Friday 11 April 2008

Peter Warren
University of Bristol

'Red' marble in the Aegean Bronze Age
In BSA 56 (1961) Helen Waterhouse and Richard Hope Simpson proposed that several Minoan stone vessels exhibited in Herakleion Museum were made of the famous red marble from the Mani, rosso antico. In BSA 63 (1968) Ellis, Higgins and Hope Simpson identified the decorative frieze of the entablature of the Treasury of Atreus as of the same material. In Minoan Stone Vases in 1969 a substantial number of vessels were published as rosso antico or possibly rosso antico; this identification has remained accepted in the literature, though Greek colleagues have sometimes referred to the material as porphyrites (πορφυρίτης). Since 1969 several developments suggest a fresh examination of the attribution is merited, including an excellent series of publications by Moschou, Raftopoulou and Hatzitheodhorou and by Lazzarini and his Italian colleagues.
The Minoan Neopalatial vessels are mainly a magnificent series of lamps and rhyta from Knossos, Zakros and other Cretan sites, as well as other objects such as the well known 29kg octopus weight from Knossos. Three pieces come from LC I/LM I A Akrotiri and a few from other island and Mainland sites.
To discuss sources our material may first be set within the wider economic, social and political context of raw material acquisition in Neopalatial Crete. For the sources themselves three claimed locations are critically examined first. Then the two major locations are presented in some detail, ancient Iasos and the Iasian chora on the west coast of Turkey and the Mani peninsula. The former is the source of the marble known as marmor iassense or marmor carium, and also by modern Italian names, the latter is rosso antico. Evidence for the Late Bronze 1 use of at least one variety of Iasian marble is presented. Then the strength of the case for the Maniote sources as having been used for many of the Minoan artefacts is discussed, with modifications to previous assumptions, my own included, about specific Maniote locations. The Minoan peak sanctuary at Haghios Georgios sto vouno on Kythera also plays an important role in the argument.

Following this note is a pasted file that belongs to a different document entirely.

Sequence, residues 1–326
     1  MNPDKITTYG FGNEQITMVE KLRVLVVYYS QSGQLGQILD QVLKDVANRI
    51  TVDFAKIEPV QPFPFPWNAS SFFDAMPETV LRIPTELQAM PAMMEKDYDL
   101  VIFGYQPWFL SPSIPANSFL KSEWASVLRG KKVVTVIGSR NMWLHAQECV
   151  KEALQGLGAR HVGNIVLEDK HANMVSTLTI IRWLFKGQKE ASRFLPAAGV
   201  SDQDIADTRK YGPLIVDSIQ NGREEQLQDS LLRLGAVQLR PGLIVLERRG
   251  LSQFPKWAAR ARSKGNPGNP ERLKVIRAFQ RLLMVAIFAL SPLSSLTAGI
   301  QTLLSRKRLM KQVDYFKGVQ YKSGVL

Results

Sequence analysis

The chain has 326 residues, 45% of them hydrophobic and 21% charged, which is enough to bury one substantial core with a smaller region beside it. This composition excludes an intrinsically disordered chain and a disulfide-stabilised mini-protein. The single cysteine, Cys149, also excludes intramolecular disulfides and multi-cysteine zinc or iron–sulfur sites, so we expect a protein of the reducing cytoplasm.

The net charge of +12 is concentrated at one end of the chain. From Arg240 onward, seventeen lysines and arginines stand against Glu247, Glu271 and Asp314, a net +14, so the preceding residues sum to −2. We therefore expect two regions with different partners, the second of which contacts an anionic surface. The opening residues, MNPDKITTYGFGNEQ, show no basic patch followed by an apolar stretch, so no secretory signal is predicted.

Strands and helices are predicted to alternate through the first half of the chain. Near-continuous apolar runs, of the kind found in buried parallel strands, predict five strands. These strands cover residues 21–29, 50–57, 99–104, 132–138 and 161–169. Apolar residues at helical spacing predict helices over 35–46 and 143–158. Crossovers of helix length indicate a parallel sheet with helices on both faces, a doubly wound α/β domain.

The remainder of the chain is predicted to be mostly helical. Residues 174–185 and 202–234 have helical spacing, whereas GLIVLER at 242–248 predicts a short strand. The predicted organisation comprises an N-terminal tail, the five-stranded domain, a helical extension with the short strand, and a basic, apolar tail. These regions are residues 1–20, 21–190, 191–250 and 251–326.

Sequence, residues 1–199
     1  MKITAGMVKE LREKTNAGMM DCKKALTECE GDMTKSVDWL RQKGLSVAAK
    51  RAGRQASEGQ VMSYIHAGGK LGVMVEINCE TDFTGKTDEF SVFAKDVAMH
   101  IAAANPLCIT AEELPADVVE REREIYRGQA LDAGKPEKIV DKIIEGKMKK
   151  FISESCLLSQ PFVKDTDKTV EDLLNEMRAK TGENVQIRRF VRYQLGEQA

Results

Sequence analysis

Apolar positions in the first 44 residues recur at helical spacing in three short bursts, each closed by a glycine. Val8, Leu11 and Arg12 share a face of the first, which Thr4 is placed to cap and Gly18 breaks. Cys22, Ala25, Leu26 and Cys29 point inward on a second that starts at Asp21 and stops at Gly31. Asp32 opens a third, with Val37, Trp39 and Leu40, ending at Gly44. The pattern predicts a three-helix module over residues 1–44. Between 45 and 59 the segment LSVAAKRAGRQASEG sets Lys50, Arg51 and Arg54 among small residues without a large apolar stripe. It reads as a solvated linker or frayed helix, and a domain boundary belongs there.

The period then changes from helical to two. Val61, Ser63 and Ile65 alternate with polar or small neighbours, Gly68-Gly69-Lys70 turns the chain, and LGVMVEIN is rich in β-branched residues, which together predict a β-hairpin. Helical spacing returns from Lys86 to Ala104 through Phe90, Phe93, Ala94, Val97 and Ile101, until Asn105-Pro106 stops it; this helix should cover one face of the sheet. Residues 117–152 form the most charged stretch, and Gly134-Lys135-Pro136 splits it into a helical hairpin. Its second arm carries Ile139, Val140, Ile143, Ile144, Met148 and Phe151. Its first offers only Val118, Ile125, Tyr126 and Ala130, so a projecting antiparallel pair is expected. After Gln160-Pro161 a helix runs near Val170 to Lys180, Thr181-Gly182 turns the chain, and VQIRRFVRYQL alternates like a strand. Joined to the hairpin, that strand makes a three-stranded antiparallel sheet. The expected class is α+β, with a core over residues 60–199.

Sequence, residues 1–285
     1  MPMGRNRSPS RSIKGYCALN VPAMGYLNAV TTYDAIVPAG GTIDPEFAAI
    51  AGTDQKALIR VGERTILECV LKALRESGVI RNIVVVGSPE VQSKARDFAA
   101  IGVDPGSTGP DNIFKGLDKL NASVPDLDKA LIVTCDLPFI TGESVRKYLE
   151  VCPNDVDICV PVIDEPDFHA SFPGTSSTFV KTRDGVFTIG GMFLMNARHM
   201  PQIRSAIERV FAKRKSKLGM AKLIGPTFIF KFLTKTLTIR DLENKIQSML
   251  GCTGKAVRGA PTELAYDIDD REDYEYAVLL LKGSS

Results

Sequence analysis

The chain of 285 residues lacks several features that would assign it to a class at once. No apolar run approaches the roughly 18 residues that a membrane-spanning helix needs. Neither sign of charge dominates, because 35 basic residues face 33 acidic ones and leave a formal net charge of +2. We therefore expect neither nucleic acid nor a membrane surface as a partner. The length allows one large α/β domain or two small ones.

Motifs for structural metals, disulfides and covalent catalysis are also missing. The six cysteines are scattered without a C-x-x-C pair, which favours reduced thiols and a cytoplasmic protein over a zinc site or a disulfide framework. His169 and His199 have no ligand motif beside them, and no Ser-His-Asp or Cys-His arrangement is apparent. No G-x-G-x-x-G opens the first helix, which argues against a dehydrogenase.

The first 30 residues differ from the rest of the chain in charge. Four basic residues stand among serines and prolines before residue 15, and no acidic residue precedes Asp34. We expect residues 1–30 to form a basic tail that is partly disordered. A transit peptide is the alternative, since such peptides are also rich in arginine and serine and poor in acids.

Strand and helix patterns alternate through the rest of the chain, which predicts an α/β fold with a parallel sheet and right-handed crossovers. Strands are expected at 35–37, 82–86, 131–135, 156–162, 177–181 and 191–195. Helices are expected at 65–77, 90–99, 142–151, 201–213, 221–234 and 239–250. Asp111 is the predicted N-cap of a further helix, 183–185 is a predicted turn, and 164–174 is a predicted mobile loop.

We note that petrographic and geochemical analyses by Lazzarini and his colleagues have had difficulty distinguishing between the proposed sources, but good progress has been made. At the same time there remains good reason for macroscopic observation – we need to see the wood as well as the trees. We conclude by returning to the central question of agency, why the rulers or elites of Neopalatial Crete, Thera and later Mycenae pursued policies of such diverse raw material acquisition. In the case of Crete the answer may have little to do with political rivalry or social competition but lie much more in the abiding importance of religion and ritual. At Mycenae explanation may indeed be more political and secular.


Next Seminar

Friday 12 May 18.30

M. Marthari
Raos on Thera...